A blog that explores Australian houses. If you love architecture, design, interiors and interesting buildings of all types, The House Hunter is for you.
Tag Archives: colour

Joanna Lamb: 15 Colour Series

 

You may have noticed earlier that I’m not just keen on architecture – I am also keen on art about architecture. (That’s how far out and expansive my taste is.) This was probably made clear with one of my absolute favourite posts (seriously, I love it – you should definitely take a look because you’re pretty much guaranteed to like it), which featured Anna Carey’s photographs of the incredibly awesome house models she makes from her memories of Gold Coast beach shacks and hotels.

 

So I was excited when I found out about Joanna Lamb’s latest exhibition at Sullivan + Strumpf. It’s a series that focuses on interiors, juxtaposing them with vibrant colour. I did a brief Q&A with the Perth-based artist below.

 

I particularly love this piece.

 

How would you describe your latest exhibition at Sullivan + Strumpf?
My latest exhibition at Sullivan+Strumpf is a series of works that deal with domestic interiors and exteriors. There are a number of paintings, a series of 10 works made from lasercut laminex and a neon and aluminium piece. All the works use a restricted palette of the same fifteen colours.

 

What brought about your interest in incorporating representations of architecture into your art?

I have been painting urban and suburban imagery since I was at art school. I am drawn to its abstract qualities of form, space and colour. I was brought up in the suburbs of Perth. It’s where I live now so in that sense it is what I am able to comment on the most honestly.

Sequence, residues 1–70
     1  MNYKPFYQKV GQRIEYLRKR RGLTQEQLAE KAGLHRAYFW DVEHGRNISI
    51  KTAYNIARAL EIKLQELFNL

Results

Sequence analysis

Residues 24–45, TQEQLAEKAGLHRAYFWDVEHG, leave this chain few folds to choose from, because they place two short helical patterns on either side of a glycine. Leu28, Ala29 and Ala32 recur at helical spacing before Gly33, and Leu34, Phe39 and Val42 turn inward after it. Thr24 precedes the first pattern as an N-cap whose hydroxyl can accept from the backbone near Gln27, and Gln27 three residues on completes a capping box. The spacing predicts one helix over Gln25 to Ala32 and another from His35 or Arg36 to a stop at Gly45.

How did you link the architectural concepts in your pieces with the vivid colour choices?

The colour choice was made first. The fifteen colours chosen were derived through an intuitive process in which I considered colour contrast and tonal value to most effectively suggest multiple spatial scenarios. Using these colours only I then manipulated different compositions until they made sense visually. The architectural imagery was used to show off the possibilities of using this set palette. I have often used some kind of system to direct my work.

 

What do you hope the audience takes away from the series?

It was important the works were seen together to understand the idea behind it. The works definitely work as separate objects but have more impact when viewed together. There is one particular work - an image of a pool painted directly onto the wall of the gallery - which, because of its size and lack of an edge, makes the viewer part of the piece. Maybe it’s a concept suburb; one which you might not want to live in permanently, but it’s an interesting place to visit.

 

Can you describe the process that goes into creating a piece?

Most pieces are based on photos I have taken of places I know or images found on real estate sites on the internet. I create initial drawings on the computer which can take anywhere from a couple of days to several weeks.